6. EACH WEAKER PLAYER IS DEALT 14 CARDS, EACH BETTER ONE GETS 12. A LESSER PLAYER GIVES ONE CARD TO THE OPPONENT AT HIS RIGHT.

This is simple enough. Worthless doubletons can become singletons, singletons voids. Plus you know one of an opponent’s 13 cards.

7. BEFORE BIDDING, THE LESSER PLAYERS MAY EXCHANGE THREE CARDS WITH ONE ANOTHER.

Now you can eliminate a worthless tripleton, although there is no guarantee you won’t get it right back. Even if that happens, at least you know three of your partner’s cards.

8. EACH LESSER PLAYER MAY ASK ONE QUESTION—ANSWERABLE BY YES OR NO—OF HIS PARTNER DURING THE BIDDING OR PLAY.

This could be an overpowering advantage and, if the difference in skill between the two pairs is not great, could be limited to one question for the pair. After a partner’s Blackwood response of five diamonds—which indicates he holds one ace—the potential declarer could, if uncertain, ask if it is the ace of hearts. Or, missing a vital queen, he could simply ask his partner if he had it. A Machiavellian sort might ask his partner if he held a card that he himself held. After the inevitable “no,” each defender would now assume his partner held that card.

We became so fascinated with our project that when we gathered that evening for the game, we dispensed with the cut for partners and agreed to play for small stakes. (Judy can afford to play for any stake because she never pays off.) I played with Don, Walter with Judy. We tested each handicap four times, a whopping 32 hands that took us into the wee hours and had us reeling. During that time, as you well might imagine, a number of intriguing situations developed. Here are my favorite five:

The first disaster that struck Donald and me was when the opponents were able to exchange three cards. This was the original deal:

   

Judy

   
   

A K 8 7 6
5 4 3
A J
J 10 9

   

Don    

5 3 2
J 7 2
5 4
A K Q 6 5

 

Q 10 9
10 6
10 9 8 7 3 2
8

Me

   

J 4
A K Q 9 8
K Q 6
7 4 3

   
   

Walter

   

Without any exchanges Walter and Judy would almost surely reach four hearts. Walter would open the bidding with one heart, Judy would show her spades whether or not Don overcalled two clubs, Walter would rebid hearts and Judy would raise to game. A textbook sequence.

The defense would be more interesting. Don would begin by cashing his three top clubs, while I would discard the discouraging deuce of diamonds on the third round of the suit. Don would play a fourth club, which I would trump with the 10 of hearts. Walter would overtrump, but that would promote Don’s jack of hearts into the setting trick.

But look at what happened after the exchange. Judy unloaded her three little hearts on Walter, and he slipped his three tiny clubs to her. The deal now looked like this:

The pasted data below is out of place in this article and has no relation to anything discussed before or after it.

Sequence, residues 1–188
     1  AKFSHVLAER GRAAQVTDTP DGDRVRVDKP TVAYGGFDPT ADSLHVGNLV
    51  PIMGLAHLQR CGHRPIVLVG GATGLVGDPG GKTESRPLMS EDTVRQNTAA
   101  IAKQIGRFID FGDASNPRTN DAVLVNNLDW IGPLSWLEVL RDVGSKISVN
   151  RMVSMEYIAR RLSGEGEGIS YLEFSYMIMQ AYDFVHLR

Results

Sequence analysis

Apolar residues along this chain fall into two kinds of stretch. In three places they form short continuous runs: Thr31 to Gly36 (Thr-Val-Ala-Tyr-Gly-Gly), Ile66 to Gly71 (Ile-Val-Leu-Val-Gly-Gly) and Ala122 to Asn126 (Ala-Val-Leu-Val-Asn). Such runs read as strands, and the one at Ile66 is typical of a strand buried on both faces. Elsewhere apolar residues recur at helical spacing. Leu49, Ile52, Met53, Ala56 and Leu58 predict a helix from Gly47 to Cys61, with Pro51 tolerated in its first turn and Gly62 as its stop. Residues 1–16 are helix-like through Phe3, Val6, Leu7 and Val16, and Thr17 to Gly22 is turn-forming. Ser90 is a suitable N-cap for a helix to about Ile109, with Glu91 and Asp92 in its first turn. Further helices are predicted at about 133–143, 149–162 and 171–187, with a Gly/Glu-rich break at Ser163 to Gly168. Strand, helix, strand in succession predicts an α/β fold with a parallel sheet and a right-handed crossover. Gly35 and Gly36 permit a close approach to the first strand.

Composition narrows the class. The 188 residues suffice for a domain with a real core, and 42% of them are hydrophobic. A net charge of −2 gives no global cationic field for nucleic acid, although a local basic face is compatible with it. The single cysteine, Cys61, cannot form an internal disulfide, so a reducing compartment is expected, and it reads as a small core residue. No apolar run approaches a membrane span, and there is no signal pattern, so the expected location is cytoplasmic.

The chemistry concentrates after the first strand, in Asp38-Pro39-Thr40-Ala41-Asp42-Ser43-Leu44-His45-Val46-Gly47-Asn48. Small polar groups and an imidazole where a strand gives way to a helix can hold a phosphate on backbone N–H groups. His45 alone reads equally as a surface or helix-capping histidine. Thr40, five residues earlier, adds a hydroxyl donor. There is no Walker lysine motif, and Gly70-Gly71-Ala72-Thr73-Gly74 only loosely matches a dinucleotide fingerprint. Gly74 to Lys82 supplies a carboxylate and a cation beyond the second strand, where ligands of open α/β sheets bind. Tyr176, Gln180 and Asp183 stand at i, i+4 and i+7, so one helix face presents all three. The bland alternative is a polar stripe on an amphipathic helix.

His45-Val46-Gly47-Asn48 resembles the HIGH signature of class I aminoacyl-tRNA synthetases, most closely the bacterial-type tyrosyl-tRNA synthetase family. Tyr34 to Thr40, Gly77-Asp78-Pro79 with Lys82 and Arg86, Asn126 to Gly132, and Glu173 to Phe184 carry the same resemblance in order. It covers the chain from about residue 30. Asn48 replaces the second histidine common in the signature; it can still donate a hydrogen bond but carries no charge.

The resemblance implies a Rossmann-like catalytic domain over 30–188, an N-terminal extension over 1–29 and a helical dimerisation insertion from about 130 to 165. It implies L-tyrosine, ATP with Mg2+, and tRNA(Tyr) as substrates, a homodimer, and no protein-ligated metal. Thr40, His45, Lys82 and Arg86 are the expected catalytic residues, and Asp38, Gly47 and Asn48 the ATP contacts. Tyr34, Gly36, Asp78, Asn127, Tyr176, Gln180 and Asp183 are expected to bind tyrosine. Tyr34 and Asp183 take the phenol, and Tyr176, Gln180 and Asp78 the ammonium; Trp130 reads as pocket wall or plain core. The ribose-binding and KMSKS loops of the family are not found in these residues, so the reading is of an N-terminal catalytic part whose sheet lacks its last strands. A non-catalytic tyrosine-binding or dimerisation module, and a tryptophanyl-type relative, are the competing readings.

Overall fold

A K 8 7 6

A J
J 10 9 7 4 3

 

5 3 2
J 7 2
5 4
A K Q 6 5

 

Q 10 9
10 6
10 9 8 7 3 2
8

 

J 4
A K Q 8 7 5 4 3
K Q 6

 

From a hand on which there was no makable game to a hand that is cold for a grand slam in hearts! Of course, they only got to six hearts. The bidding was the epitome of science. Judy opened one club, and Walter responded six hearts. Everyone passed. The opening club lead was ruffed, trumps broke well, and Walter and Judy were all smiles.

On a later hand Judy and Walter were allowed to ask each other one question during the bidding or play.

Both sides vulnerable Dealer South

   

Me

   
   

Q 7 6 5
Q 8 7
K Q J 9
K 5

   

Judy      

J 8 3 2
A 9 4 2
7 4
Q 7 4

 

10 9
J 6 5
A 10 6 5
A 9 6 3

Walter

   

A K 4
K 10 3
8 3 2
J 10 8 2

   

Don

       
West North East South
      Pass
Pass 1 Pass 2NT
Pass 3NT The End  
       

I knew I didn’t really have a three no trump bid opposite a passed hand, but I always add a point or two for Don’s play. I forgot, of course, about the questions.

Judy opened with the deuce of hearts. Don played low from dummy and captured Walter’s jack. At trick two he led a diamond to the king which held; at trick three he led the queen of diamonds from dummy which also held, both opponents following quickly. Who had the ace? Would the suit break 3-3? Poor Donald could only ask himself these questions.

Finally he decided to lead a spade to his hand in order to be in position to lead a third diamond toward dummy. Judy had to find a discard. As discarding is not the best part of her game, she decided to risk her question right then and there. “Is it better for me to throw a spade from my three to the jack than a club from my three to the queen?” she asked. Intuitively she must have known to keep her hearts. Either that, or she couldn’t get it all into one question.

Because the rules stipulated that Walter must answer either “yes” or “no,” he gave this one a little thought before he finally said “no.” Judy discarded a club.

Not being deaf, Don now had a good reading on the club and spade positions, but Walter also had a good reading on the declarer’s hand.

Walter knew that Donald could not win more than eight tricks if it could be arranged that Judy would duck his heart return after he won the diamond trick. He dared not cash another diamond for fear Judy, with no more questions to ask, might discard a heart, putting the hand up for grabs.